Hill-Murray School(MN)/Bismarck Bobcats(NAHL)
5’11” 154 lbs.
Final NHL Central Scouting Rank: 109th among North American Skaters
Joe Palodichuk was one of the top players in Minnesota high school hockey this past season, finishing as a finalist for the state’s Mr. Hockey award. He was a standout defenseman Hill-Murray, one of the top hockey programs in the metro Twin Cities. There wsa a time when that alone was enough to get a player drafted. But with US junior leagues becoming deeper in talent in recent years, NHL teams have started to place more emphasis on players that produce against higher levels of competition, viewing them as the safer choice.
Palodichuk is an extremely mobile defenseman that has shown great skating ability, but doesn’t quite have the track record of some of the other top-rated prospects in this draft with extensive junior and international experience. There’s a lot of guesswork and projection that goes into every draft pick, but assessing Palodichuk might take more than some others.
What I Like
-Puck Retrieval Ability
Palodichuk’s foot speed and fast twitch quickness make him really good in puck retrieval situations. He can change directions with his feet to escape pressure and start the break-out out of his own zone.
This is a subtle little play, but watch this clip of Palodichuk able to fake up the ice with his skates then turn back to shake a forechecker and maintain possession:
Here’s another little simple retrieval from his NAHL stint to get in and move the puck in a tight area to start a breakout:
-Pushes the puck up the ice
Palodichuk is a great skater, capable of moving the puck through the neutral zone and gaining zone entry. Here’s an example where he uses his speed to break through a pair of defenders and get the puck deep into the offensive zone.
What I Don’t Like
Like many defensemen at this age, especially when they face a lot of over-matched competition at the high school level, Palodichuk is much better moving forward and attacking than he is playing in his defensive zone. His backward skating is a little too crossover-heavy, which can get him into trouble against faster skaters. He’s certainly athletic enough that that could improve with time and development, and I like the way he competes defensively, but it’s not there yet overall.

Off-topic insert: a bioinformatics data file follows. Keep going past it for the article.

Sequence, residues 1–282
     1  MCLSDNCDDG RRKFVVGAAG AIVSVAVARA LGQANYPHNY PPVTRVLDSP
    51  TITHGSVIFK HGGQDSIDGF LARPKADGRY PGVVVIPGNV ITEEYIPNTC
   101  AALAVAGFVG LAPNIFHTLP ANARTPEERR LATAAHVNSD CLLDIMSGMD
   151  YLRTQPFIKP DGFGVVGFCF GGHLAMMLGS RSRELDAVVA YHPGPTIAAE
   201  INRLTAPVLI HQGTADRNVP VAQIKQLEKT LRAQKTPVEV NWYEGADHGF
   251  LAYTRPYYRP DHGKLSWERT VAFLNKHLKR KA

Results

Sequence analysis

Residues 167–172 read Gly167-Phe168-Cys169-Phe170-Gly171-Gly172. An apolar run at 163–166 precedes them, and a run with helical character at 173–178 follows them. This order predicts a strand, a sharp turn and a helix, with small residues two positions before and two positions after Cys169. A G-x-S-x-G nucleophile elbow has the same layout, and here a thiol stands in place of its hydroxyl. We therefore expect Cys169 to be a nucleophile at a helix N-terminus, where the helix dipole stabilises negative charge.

-Needs to add strength
Again, this is an extremely common critique among 18-year-old draft prospects, but Palodichuk weighs in at a CSB-listed 154 lbs. He’ll have plenty of time to develop that, but it will have to develop. He’s at a deficit in board battles and will need to get better at winning 50/50 pucks.
-Low scoring output
Palodichuk had a 0-5-5 scoring lines in 20 games with the Bismarck Bobcats of the NAHL this past season. It’s not a full season’s sample size by any means, but it is more of a sample than you’d usually get with a high school draft prospect. Though it’s worth keeping in mind that as kind of a weekend fill-in after the high school season, he was really only getting second unit power play time in Bismarck.
I do like his hockey sense in the offensive zone. Here’s a play(6 White)where he reads a soft spot in the defense and gets to the net for a scoring chance that doesn’t quite work. I wouldn’t be surprised if his scoring numbers improve quite a bit next season when he’s playing a full season in one spot.
Historically speaking, NHL Central Scouting tends to be a bit more generous on the average to Minnesota high school players than NHL teams are on draft day, and I get the feeling that that might be the case here. Anyone that can skate like Palodichuk is going to be in the conversation to be selected, but I’m not sure he showed enough else, especially outside of high school hockey, to be much more than a late-round flyer pick. In the later rounds, there aren’t going to be any complete players available. Mostly, you’re looking for at least one or two elite, projectable skills and hoping the rest develops in the future. And if you had to pick one skill, skating is probably the best you could have, so Palodichuk is likely worth the pick.
Palodichuk’s skating ability is what will carry him if he progresses to the next level. Ideally, you’d like to see him develop enough offensively that he can contribute on the power play, or at least generate enough offensive pop to offset some of the defensive issues. But most likely, he’ll be a solid lower pairing player who is great at moving the puck out of his own zone and into the other team’s zone.
Palodichuk is more of a project pick. Whatever team drafts him will get the benefit of letting him develop for a few years before he heads to the pro game. He’s likely to play at least a full year of junior hockey before heading to the University of Wisconsin, where he is committed to play college hockey, and three to four years of college hockey would likely benefit him. That would allow him to slowly acclimate to the college game, and then hopefully take on a bigger role as an upperclassman.